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Hyksos

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Hyksos

Jacob, Who ? – 1

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Manetho and Josephus Flavius

By vocation Manetho was an Egyptian priest associated with the cult of Serapis. He was not only well versed in the high Greek culture of his day, but he was also thoroughly familiar with Egyptian lore and could read hieroglyphics. He was the first Egyptian to write a history of his country in Greek.

Source: 
http://theophyle.wordpress.com
Author: 
Theophyle
Original Date: 
August 2, 2009
Book: 
BCE Articles from Theophyle's English Blog - The Patriarchal Stories
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051

Jacob, Who ? – 2

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The two kings in Manetho’s list that scholars have not been able to corroborate from names on monuments or other objects are the first two, Salitis and Bnon. Some scholars have suggested that Manetho’s Bnon may be a ruler of the contemporaneous XVIth Dynasty whom Manetho incorrectly placed in the XVth Dynasty.

Source: 
http://theophyle.wordpress.com
Author: 
Theophyle
Original Date: 
August 3, 2009
Book: 
BCE Articles from Theophyle's English Blog - The Patriarchal Stories
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052

The Hyksos

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The origin of the term “Hyksos” derives from the Egyptian expression heka khasewet (”rulers of foreign lands”), used in Egyptian texts such as the Turin King List to describe the rulers of neighbouring lands. This expression begins to appear as early as the late Old Kingdom in Egypt, referring to various Nubian chieftains, and as early as the Middle Kingdom, referring to the Semitic chieftains of Syria and Canaan.

Source: 
http://theophyle.wordpress.com
Author: 
Theophyle
Original Date: 
August 5, 2009
Book: 
ANE Articles from Theophyle's English Blog - Ancient Near East
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081

The Exodus Saga – 1

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Source: 
http://theophyle.wordpress.com
Author: 
Theophyle
Original Date: 
August 8, 2009
Book: 
BCE Articles from Theophyle's English Blog - The Patriarchal Stories
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111

The Exodus Saga – 2

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Manetho, a priest who wrote a history of Egypt in the third century BCE, placed Joseph’s entry into Egypt and his rise in the early part of the reign of the Hyksos king, Apophis. The Hyksos were expelled, and then Moses called them back to help the later Israelites escape from Egypt (see the Hyksos articles).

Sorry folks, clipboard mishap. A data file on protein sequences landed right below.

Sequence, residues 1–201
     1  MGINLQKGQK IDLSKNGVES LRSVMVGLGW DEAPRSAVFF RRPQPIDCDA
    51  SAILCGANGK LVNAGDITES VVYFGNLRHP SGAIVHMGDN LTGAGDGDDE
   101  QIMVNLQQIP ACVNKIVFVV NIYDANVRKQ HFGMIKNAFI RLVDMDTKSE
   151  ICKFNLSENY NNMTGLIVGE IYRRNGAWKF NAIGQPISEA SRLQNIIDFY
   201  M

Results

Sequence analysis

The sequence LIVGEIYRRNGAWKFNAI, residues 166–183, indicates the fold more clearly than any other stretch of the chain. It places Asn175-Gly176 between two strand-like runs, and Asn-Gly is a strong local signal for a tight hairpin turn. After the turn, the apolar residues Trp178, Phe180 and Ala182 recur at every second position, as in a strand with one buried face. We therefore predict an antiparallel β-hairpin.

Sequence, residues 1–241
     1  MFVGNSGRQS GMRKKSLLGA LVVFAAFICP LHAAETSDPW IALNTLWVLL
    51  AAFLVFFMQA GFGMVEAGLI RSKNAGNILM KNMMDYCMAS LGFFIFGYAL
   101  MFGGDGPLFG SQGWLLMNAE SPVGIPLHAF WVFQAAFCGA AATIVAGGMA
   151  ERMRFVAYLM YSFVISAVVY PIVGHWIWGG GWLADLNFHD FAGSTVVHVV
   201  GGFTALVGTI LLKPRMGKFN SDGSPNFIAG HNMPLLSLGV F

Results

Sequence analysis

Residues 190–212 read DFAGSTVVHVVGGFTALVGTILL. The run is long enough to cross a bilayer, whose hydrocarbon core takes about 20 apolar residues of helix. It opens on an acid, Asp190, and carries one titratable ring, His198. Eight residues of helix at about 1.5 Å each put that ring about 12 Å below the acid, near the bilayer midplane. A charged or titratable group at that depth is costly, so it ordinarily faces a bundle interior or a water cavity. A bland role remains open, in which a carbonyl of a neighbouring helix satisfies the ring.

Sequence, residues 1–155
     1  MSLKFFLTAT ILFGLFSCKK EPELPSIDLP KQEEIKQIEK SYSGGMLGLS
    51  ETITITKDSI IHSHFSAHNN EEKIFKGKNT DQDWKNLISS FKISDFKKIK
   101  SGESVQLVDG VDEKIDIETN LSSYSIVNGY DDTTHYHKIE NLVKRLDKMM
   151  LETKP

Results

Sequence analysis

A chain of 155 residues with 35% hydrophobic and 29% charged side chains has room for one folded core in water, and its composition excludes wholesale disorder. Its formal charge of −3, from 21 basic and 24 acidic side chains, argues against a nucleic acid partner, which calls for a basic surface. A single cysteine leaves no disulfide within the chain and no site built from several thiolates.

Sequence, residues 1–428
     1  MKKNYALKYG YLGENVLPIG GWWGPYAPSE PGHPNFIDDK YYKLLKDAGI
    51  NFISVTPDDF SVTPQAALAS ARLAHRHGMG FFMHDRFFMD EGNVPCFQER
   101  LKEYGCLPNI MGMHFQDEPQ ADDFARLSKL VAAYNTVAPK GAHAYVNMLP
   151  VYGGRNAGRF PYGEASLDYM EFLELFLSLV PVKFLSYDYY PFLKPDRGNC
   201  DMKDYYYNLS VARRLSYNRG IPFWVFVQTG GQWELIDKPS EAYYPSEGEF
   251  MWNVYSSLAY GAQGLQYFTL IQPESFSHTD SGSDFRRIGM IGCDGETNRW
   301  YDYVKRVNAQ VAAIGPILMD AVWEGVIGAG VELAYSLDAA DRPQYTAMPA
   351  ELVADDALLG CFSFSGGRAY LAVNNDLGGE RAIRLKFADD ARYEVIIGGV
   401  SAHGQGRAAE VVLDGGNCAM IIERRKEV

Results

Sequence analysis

Source: 
http://theophyle.wordpress.com
Author: 
Theophyle
Original Date: 
August 9, 2009
Book: 
BCE Articles from Theophyle's English Blog - The Patriarchal Stories
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112

The Exodus Saga – 3

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Source: 
http://theophyle.wordpress.com
Author: 
Theophyle
Original Date: 
August 12, 2009
Book: 
BCE Articles from Theophyle's English Blog - The Patriarchal Stories
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113

The Exodus Saga – 4

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The oldest Israelite literature about the Exodus from Egypt and the conquest of Canaan, the Song of the Sea in Exodus 15, describes Israel’s entry into Canaan in the following terms:

“The peoples heard, they trembled:
Writhing seized the inhabitants of Philistia;
Then, the chieftains of Edom were discomfited;
The chiefs of Moab—terror seized them.
All the inhabitants of Canaan melted away.” Exodus 15:14–15 [1]

Source: 
http://theophyle.wordpress.com
Author: 
Theophyle
Original Date: 
August 15, 2009
Book: 
BCE Articles from Theophyle's English Blog - The Patriarchal Stories
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114

The Exodus Saga – 5 / 5

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Some of the Semitic migrants found their way not just into southern Syria and Transjordan, [1]  but into the central hills of Cisjordan. Merneptah mentions this group in the celebrated Israel Stele. Some of the evidence from the material culture suggests that the early Israelites enjoyed some familiarity with Canaanite culture. Still, most of the evidence linking the collared-rim jar, for example, to Canaanite towns, is susceptible to explanation on the basis of trade.

Source: 
http://theophyle.wordpress.com
Author: 
Theophyle
Original Date: 
August 16, 2009
Book: 
BCE Articles from Theophyle's English Blog - The Patriarchal Stories
SortOrder: 
115
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